Paul K. Metz, to His Own Use and the Use of the Libertymutual Insurance Company, Plaintiff-appellant, v. United States Postal Service, Defendant-appellee, 836 F.2d 1342 (4th Cir. 1988)Annotate this Case
Alan Edgar Harris on brief for appellant.
Breckinridge L. Willcox, United States Attorney, Jane F. Barrett, Assistant United States Attorney on brief for appellee.
Before HARRISON L. WINTER, Chief Judge, JAMES DICKSON PHILLIPS, Circuit Judge and YOUNG, Senior United States District Judge for the District of Maryland, sitting by designation.
Paul K. Metz, plaintiff, was allegedly injured when he slipped on accumulated grease on the ground of the Highlandtown Post Office parking lot and fell. His timely administrative claim was denied on November 18, 1985, and, on May 15, 1986, he sued the United States Postal Service under the Federal Tort Claims Act. The Postal Service was served on June 17, 1986, and the Attorney General of the United States on June 20, 1986. Because the Federal Tort Claims Act required plaintiff to sue the United States rather than the Postal Service, plaintiff moved to amend his complaint to name the United States as defendant on September 8, 1986. The district court granted defendant's motion to dismiss on the ground that the United States Postal Service was not a proper defendant, and it declined to permit plaintiff to amend to name the United States as defendant on the ground that suit against it would be barred by limitations. Plaintiff appeals and we affirm.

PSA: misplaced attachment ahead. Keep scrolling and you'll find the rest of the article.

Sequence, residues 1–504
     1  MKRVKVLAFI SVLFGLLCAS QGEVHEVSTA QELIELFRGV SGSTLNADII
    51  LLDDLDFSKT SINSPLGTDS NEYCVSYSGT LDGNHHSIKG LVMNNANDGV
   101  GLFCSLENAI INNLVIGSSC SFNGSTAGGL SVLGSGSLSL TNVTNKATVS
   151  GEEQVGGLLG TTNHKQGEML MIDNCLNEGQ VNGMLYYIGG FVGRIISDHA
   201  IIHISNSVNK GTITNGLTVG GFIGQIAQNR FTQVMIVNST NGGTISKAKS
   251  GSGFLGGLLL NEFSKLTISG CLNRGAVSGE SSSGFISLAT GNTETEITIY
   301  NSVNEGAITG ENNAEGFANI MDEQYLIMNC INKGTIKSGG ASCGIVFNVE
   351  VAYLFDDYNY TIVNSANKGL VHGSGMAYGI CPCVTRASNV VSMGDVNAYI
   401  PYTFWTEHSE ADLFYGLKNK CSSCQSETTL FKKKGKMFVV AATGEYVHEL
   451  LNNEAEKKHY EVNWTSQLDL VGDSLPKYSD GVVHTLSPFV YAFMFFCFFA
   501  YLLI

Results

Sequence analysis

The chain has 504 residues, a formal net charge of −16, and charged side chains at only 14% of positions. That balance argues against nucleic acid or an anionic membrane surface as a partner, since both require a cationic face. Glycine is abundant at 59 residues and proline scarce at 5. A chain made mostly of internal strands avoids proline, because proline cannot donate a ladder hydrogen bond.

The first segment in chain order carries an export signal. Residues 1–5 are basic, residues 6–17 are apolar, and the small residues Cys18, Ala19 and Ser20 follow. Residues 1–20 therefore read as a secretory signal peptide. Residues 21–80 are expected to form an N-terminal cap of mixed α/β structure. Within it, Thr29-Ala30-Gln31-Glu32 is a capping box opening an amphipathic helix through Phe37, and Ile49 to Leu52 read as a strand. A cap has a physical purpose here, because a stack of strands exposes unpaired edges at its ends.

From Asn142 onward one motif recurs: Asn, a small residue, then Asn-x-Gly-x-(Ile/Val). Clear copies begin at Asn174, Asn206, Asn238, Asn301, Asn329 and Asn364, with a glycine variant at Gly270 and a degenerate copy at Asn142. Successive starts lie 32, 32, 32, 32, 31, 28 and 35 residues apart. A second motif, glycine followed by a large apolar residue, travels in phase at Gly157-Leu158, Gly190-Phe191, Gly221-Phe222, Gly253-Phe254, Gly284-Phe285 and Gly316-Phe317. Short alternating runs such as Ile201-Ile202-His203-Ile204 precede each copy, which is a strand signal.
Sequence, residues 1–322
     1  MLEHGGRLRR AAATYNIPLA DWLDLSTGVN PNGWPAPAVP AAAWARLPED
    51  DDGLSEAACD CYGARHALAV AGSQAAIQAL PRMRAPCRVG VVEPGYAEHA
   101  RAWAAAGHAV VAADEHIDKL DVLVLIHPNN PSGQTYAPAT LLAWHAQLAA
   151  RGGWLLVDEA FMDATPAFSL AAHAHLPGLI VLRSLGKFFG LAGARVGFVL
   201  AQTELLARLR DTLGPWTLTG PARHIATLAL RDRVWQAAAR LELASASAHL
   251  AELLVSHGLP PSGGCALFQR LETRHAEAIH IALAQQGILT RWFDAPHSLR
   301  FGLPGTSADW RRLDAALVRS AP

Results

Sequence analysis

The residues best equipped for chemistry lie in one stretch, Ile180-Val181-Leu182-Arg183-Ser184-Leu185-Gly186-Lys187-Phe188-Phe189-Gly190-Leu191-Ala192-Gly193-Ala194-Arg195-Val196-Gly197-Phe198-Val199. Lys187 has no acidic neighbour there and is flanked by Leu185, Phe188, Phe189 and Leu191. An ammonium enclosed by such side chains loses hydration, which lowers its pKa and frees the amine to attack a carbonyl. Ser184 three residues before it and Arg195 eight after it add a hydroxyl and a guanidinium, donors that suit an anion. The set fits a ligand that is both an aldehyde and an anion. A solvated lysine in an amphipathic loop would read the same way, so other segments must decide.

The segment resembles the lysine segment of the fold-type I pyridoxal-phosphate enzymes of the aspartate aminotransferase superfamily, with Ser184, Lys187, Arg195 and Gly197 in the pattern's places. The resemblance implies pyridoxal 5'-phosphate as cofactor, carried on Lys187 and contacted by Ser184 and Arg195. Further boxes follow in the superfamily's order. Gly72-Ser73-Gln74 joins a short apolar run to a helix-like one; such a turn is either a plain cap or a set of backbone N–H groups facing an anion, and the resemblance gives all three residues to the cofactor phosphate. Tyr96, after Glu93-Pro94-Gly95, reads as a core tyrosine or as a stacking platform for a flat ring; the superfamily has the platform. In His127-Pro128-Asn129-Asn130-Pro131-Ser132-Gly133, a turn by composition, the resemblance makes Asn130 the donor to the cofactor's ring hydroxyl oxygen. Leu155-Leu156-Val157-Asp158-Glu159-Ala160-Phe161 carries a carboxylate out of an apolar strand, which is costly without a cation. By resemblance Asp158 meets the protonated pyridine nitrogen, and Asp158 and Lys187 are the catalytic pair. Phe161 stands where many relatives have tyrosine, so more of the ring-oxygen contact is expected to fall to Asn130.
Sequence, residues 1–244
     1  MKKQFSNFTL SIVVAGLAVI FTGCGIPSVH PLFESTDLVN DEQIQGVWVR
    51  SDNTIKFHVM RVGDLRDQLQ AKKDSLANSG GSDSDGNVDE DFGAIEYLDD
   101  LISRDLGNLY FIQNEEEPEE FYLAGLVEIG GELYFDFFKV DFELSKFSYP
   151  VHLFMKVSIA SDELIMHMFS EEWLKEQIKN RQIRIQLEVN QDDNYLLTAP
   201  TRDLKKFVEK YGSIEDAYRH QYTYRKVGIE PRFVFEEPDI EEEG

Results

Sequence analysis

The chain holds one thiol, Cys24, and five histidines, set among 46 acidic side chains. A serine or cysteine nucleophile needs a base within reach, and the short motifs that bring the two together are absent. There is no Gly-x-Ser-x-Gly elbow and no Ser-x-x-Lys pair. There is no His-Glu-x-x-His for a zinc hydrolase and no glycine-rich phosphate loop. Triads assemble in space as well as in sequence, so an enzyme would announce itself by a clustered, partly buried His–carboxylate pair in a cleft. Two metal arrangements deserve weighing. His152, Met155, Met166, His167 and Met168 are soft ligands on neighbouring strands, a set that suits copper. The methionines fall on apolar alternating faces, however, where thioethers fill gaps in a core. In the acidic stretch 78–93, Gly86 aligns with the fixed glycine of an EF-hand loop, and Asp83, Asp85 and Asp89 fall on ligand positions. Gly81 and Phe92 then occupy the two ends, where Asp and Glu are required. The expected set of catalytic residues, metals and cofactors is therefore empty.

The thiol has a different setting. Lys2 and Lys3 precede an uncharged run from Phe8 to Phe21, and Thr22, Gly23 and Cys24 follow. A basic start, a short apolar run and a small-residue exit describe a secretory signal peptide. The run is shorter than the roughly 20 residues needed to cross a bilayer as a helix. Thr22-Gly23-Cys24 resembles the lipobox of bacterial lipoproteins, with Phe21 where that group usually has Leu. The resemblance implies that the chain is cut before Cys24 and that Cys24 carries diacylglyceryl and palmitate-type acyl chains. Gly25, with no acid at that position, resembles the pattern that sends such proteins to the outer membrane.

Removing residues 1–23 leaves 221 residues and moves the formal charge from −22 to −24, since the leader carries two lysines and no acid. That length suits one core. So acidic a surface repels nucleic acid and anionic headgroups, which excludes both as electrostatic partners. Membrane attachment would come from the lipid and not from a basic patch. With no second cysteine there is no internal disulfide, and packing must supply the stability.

We agree that the United States is the only proper defendant, 28 U.S.C. §§ 1346(b) and 2679(a). While F.R.C.P. 15(c) states that, on certain conditions, amendments to a pleading arising from "the conduct, transaction, or occurrence set forth or attempted to be set forth in the original pleading, ... relate [ ] back to the date of the original pleading," the Supreme Court has held that an amended complaint does not relate back to the date of the original pleading where the new defendant does not receive notice of the institution of the action before the statute of limitations bars the action. Schiavone v. Fortune, 477 U.S. ----, 91 L. Ed. 2d 18 (1986). Prior to Schiavone we applied the same rule. See Weisgal v. Smith, 774 F.2d 1277, 1279 (4 Cir. 1985). Since limitations had run before the United States was sought to be made a party, there could be no retaliation back. Both denial of the motion to amend and dismissal of the complaint were proper.